Timeframe – Abraham enjoying relative tranquility; peaceful coexistence with the Philistines; living at Beersheba; enjoying non aggression pact with Abimelech; raising his precious son Isaac; relieved of the pressure from Hagar and Ishmael

You never know what a day will bring; live in the moment

Your past exercise of faith and demonstration of spiritual commitment will not give you a pass when God comes to test you today;

But on the flip side, your past failures will not doom you to failure today

James 1 – give insight into how and why God tests us

Parunak: When God tests or tempts, he has one of two purposes:

1. Exam: to make manifest some quality of the person being tested (which is the case in Gen 22).

2. Exercise: to improve the person being tested

Recalls God calling out Samuel by name — 1 Sam 3:1-10

Remember God is the one who named Abraham = Father of multitude

We must always be listening for God’s call and be available for God

Something dramatic about to take place

2. (:2) Test Instructions

a. Focal Point of the Test = Give up what you cherish the most

“And He said, ‘Take now your son, your only son, whom you love, Isaac,’”

Parunak: “Please take” – In general, the word “please” is used by a less powerful person addressing a more powerful one. . . if Isaac is 15 at this point, Abraham is 115 based on 21:5, and he was 75 when leaving Haran, 12:4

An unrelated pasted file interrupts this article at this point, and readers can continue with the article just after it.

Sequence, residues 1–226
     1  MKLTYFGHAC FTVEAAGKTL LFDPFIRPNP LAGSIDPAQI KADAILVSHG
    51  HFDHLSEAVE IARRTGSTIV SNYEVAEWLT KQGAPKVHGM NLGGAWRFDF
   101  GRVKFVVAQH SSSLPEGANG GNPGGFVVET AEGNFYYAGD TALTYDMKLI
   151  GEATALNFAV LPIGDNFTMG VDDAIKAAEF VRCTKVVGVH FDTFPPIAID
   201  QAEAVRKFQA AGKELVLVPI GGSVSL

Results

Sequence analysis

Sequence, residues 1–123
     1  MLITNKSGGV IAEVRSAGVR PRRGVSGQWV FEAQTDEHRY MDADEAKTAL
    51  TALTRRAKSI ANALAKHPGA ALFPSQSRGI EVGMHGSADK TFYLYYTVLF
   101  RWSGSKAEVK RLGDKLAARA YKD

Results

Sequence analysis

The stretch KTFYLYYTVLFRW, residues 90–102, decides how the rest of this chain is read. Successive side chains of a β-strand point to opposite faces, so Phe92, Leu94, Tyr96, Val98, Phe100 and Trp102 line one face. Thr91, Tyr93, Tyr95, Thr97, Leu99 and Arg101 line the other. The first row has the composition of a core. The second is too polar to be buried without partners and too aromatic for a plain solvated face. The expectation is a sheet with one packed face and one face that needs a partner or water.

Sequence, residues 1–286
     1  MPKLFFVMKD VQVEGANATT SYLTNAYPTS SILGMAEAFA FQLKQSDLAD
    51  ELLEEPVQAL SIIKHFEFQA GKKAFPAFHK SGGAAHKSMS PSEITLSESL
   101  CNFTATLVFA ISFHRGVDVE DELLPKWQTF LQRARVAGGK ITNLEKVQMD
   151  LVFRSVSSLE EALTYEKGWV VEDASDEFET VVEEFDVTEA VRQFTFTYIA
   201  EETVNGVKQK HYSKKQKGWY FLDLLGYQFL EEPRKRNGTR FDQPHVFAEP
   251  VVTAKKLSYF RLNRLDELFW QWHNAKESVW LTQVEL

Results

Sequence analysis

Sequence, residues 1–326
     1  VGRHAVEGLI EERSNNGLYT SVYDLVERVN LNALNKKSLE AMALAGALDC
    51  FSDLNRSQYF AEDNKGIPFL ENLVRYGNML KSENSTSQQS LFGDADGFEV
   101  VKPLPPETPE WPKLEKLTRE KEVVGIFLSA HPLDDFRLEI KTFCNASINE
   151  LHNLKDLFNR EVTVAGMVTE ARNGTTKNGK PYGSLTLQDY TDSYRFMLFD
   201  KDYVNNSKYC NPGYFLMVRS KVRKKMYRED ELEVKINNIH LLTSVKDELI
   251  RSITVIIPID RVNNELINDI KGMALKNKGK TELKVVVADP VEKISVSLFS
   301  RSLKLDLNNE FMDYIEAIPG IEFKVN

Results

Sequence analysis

With each phrase God drills deeper into the depths of the precious relationship between the father and his only son whom he loves deeply

b. Location of the Test

“and go to the land of Moriah;”

similar to expression in 12:1; God specializes in sending people to different places

50 mile journey – mountainous country around Jerusalem —

Here also Solomon built his temple ( 2 Chronicles 3:1) and Jesus Christ died.

there will be a lot of time to consider turning back or changing your mind;

Would be easy for second thoughts to creep in; to formulate some type of rationalization for an alternative humanistic solution

c. Shocking Substance of the Test = seems out of character with God

“and offer him there as a burnt offering on one of the mountains of which I will tell you.”

Did I hear you correctly?